The real fun begins after the Atlantean engine has run its course. WithKnightmare Orcust in the graveyard and a Link-2 on the board Morton couldcontinue Link Summoning to reach Summon Sorceress, then use its effect totarget a Machine monster and Special Summon World Legacy - "World Wand"from the deck. He would then overlay Moulinglacia and World Wand to XyzSummon Number 68: Sanaphond the Sky Prison: a potentially massive Rank 8with a temporary floodgate effect.

Summoning Sanaphond the Sky Prison let Morton dodge the drawback attachedto each Elemental Lord that costs their controller their next Battle Phasewhen it leaves the field. It's also a fantastic Xyz Monster in its ownright, and its floodgate effect is devastatingly powerful in a variety ofmatch-ups like Salamangreats and the mirror.

The Atlantean engine totally changes this deck's ability to make seriousplays in the early game by offloading the pressure of making KnightmareMermaid onto a set of non-Danger cards. Neptabyss and Deep Sea Diva wouldprobably still eat Morton's Normal Summon unless he used One for One, butthe engine delivered vastly more value than even Phantom Skyblaster or NeoSpace Connector–two cards commonly found in topping Orcust lists.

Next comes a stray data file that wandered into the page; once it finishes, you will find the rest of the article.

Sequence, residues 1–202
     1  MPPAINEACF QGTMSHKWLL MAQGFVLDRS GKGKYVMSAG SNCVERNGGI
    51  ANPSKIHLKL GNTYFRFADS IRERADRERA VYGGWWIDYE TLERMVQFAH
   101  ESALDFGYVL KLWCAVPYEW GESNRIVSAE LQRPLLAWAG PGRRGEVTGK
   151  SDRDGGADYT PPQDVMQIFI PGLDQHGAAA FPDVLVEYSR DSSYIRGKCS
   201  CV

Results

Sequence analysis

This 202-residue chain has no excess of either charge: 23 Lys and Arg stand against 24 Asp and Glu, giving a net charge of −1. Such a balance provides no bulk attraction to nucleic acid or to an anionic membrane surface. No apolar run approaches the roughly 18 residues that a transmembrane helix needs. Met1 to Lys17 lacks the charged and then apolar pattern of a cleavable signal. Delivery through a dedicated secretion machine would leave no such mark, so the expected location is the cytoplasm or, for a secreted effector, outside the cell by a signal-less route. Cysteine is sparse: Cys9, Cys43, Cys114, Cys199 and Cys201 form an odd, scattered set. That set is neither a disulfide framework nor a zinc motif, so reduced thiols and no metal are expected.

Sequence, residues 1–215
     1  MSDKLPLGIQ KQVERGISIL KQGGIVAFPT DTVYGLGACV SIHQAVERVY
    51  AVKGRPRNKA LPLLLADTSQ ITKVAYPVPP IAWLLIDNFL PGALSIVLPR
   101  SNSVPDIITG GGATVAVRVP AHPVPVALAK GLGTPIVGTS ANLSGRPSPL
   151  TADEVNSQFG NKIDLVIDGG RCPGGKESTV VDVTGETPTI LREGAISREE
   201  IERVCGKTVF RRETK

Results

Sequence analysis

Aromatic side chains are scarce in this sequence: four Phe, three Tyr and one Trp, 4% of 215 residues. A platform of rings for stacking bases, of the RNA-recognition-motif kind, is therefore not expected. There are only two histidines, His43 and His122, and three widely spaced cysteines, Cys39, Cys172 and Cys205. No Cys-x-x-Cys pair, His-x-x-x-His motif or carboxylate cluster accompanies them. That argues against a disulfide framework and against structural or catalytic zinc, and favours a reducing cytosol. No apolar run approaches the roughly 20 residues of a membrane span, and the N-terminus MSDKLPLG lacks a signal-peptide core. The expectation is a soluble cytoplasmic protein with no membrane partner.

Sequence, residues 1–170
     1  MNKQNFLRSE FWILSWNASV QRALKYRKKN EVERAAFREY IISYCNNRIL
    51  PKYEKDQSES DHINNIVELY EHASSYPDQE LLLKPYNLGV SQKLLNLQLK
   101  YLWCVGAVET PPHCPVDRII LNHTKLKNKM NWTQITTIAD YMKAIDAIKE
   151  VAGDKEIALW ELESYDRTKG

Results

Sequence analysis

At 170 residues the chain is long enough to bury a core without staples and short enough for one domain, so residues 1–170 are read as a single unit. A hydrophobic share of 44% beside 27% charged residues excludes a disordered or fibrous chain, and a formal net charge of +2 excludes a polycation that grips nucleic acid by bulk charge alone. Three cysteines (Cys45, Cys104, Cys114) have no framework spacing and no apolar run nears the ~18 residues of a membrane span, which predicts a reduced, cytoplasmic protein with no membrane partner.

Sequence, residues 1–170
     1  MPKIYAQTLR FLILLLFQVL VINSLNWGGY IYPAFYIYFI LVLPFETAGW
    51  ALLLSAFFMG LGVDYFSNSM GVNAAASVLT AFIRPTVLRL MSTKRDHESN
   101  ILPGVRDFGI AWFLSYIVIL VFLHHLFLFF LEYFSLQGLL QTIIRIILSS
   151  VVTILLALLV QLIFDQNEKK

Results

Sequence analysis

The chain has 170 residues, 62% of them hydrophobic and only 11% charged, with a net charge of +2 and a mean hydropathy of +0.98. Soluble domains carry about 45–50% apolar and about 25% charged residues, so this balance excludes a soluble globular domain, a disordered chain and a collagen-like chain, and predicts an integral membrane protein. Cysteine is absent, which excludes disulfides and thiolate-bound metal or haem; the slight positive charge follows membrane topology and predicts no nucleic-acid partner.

Nobody is playing or expecting Moulinglacia right now, so any engine thatcan Summon it on Turn 1 as a byproduct of routine plays isdefinitely worth considering. Atlanteans as a Link engine aren'tnecessarily limited to Orcust decks, but the interaction between KnightmareMermaid and Atlantean Dragoons really helps sell this strategy.

More With Less: Trimming The Fat From Orcust Danger
Alfie Morton's Atlantean engine takes up roughly a quarter of his deck, sohe had to make smart budgeting decisions to keep the build at forty cards.His Orcust line-up's basically the same as other topping builds, but hetraded out Orcustrated Babel for Orcustrated Return.

It's an interesting move: Babel's one of the defining cards of the Orcusttheme because it lets you generate so much card advantage during youropponent's turn. The Field Spell's also extremely annoying when paired withTopologic Bomber Dragon or Topologic Trisbaena – effectively letting itscontroller nuke the field multiple times during on player's turn. It's asingle card swap with major implications: Morton was looking to win theduel early without relying on fragile defensive set-ups using a FieldSpell.